FanX 2018


This weekend I (Doctor Sarah) had the chance to attend Fan X Salt Lake 2018 as Press. Now, this story is one that has become long-winded and difficult. When the stories of the sexual  harassment problems came to light for me, I decided not to participate. However, when I was refused a refund for my photo-ops I decided to attend and cover the event for Geek Parenting Podcast.

Let’s start with the good stuff. It was fantastic seeing my friends who still attended. It was great to see the hard work of the volunteers and staff come to fruition.  Getting a hug from Lucy Lawless will be a highlight of my life and I’m grateful that I got the chance to tell her what her characters mean to me, and what they do for my Gender Studies courses.

The Gaming Rooms (D&D and Table Top), run by Michael Sanora and his group of volunteers was outstanding. I even spent some time teaching beginners D&D basics and assisted in helping them create characters. The panels I attended were top notch, the vendor floor was full of diverse offerings, and artist alley was amazing as always.

There are still problems that need to be addressed.

First and foremost, the majority of the panels addressing sexual harassment and bullying were held on Thursday, when attendance is the lowest. By not highlighting these panels on Saturday, and perhaps even asking some of the female celebrities to attend, I truly believe that FanX Salt Lake demonstrated that there is still a problem.

Signage claiming Consent is Key looked low quality, and in other areas larger signs consisted of a TL:DR format.


The signs in celebrity row demonstrated an attempt to address the issue but still left a bad taste in some attendees mouth.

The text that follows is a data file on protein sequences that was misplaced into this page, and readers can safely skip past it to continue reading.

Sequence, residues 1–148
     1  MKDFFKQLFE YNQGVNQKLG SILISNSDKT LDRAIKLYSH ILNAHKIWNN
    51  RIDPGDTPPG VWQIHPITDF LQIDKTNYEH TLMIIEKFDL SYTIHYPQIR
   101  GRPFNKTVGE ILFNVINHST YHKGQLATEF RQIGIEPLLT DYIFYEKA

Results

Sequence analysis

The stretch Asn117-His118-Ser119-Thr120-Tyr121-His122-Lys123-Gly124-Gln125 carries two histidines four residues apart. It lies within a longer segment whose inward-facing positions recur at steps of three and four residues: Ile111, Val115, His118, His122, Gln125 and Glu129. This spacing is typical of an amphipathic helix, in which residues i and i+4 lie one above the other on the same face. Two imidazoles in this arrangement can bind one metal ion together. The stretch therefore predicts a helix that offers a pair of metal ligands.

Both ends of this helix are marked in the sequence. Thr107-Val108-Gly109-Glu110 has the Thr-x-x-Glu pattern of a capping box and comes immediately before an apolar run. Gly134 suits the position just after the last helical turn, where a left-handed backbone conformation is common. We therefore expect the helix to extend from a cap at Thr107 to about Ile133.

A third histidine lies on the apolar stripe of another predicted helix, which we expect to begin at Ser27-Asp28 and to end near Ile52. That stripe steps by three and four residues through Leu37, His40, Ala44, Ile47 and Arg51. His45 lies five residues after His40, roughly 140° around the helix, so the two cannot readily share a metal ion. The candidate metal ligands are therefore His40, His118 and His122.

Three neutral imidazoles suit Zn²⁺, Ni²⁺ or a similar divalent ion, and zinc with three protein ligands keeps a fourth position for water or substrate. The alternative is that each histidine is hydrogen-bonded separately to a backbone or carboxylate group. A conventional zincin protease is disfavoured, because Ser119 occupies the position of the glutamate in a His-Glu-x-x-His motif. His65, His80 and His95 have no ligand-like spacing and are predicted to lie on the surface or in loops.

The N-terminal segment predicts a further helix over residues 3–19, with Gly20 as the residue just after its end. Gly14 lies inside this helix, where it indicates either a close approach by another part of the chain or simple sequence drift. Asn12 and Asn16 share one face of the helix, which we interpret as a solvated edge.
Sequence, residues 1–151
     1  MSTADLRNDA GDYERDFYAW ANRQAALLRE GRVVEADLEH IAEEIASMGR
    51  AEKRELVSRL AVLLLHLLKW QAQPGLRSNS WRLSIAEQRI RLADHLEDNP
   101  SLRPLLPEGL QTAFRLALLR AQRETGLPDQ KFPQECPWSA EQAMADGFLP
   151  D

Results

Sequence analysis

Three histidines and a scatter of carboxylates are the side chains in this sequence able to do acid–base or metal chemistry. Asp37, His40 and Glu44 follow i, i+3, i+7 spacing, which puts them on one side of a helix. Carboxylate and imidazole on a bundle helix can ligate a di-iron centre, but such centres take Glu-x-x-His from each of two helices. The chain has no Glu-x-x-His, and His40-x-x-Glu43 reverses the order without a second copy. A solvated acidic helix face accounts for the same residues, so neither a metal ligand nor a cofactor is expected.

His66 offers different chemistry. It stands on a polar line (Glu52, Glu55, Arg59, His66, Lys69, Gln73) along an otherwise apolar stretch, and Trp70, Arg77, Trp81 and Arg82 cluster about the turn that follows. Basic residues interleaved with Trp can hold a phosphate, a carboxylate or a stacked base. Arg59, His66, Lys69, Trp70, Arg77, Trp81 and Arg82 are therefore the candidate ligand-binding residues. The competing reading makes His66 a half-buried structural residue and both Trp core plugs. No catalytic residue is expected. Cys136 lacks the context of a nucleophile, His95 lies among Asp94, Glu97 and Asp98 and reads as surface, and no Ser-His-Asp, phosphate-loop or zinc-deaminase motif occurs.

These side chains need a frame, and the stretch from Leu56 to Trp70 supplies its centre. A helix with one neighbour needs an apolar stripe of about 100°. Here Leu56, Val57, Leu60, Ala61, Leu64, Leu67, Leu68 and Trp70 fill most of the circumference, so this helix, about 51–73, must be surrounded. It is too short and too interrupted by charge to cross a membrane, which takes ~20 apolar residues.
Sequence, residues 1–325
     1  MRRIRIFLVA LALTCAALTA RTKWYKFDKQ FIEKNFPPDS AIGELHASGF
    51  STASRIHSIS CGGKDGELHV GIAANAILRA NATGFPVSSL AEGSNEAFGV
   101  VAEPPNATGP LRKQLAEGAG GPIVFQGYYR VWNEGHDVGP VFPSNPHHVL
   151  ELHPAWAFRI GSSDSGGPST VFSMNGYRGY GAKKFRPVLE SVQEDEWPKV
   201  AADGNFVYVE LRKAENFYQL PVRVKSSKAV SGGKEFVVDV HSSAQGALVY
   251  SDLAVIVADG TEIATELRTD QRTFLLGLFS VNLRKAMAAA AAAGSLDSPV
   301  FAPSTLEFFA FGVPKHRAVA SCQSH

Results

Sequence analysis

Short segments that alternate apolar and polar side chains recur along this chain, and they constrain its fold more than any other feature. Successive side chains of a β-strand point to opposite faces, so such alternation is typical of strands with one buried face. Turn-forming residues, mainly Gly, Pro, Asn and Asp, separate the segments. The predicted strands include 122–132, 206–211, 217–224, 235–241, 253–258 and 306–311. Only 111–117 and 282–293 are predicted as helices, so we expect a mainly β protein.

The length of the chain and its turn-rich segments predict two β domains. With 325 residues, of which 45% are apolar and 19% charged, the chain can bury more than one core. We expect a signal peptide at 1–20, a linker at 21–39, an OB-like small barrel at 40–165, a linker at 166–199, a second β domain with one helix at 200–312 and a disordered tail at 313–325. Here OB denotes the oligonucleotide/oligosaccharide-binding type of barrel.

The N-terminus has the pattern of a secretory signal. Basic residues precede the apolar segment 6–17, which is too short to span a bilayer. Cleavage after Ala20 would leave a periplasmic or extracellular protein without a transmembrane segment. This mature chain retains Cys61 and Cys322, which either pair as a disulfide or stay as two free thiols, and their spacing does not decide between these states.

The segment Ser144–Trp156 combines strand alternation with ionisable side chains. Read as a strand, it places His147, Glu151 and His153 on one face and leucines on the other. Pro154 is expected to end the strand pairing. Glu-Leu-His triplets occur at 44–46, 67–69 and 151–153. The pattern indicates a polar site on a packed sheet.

There is a huge difference that has gone unacknowledged by FanX between acts of warmth and affection, and sexual harassment. Comments I’ve seen have ranged from “this is tone deaf,” “gaslighting,” “If you don’t like warmth and affection, it’s on you.” Let me state, I acknowledge that this is an attempt at minimizing sexual harassment claims but it’s usually not celebrities that are the problem.

The biggest problem still not being addressed is that cosplayers have been intensely sexually harassed, by both attendees and staff. One cosplayer I spoke to told me she was nearly banned from the con for defending herself from an attendee who grabbed her buttocks. The problem is that FanX Salt Lake is not doing enough to fully educate their fans about theses problems.  By placing advocacy groups along a back wall, instead of in a prime location on the floor, it again shows that there is a lack of interest in actually attempting to fix these issues.

I spoke to several members of the “Council” who assured me that things are changing. They need to change very quickly, and I am still concerned about the lack of transparency in what is being done behind the scenes to insure these changes take place from the top, down.  So, show us what you got FanX! We know you’re not going away any time soon, but we need you to be transparent, open, and willing to talk to those of us who are concerned.

We, as geeks, also need to hold ourselves to a higher standard of behavior. Saturday night I received a message from someone, calling me a “bitch” for attending after being so outspoken. Bullying and harassment go beyond the Con…and we all need to be better.

I love this event, with my whole heart. I always walk away exhausted, and overjoyed. This year I walked away exhausted, overjoyed, and sad. Sad, that I didn’t see the friends I am so used to seeing every year. Overjoyed, that I saw members of the Council, doing their best to make it better.  WE ALL NEED TO BE BETTER.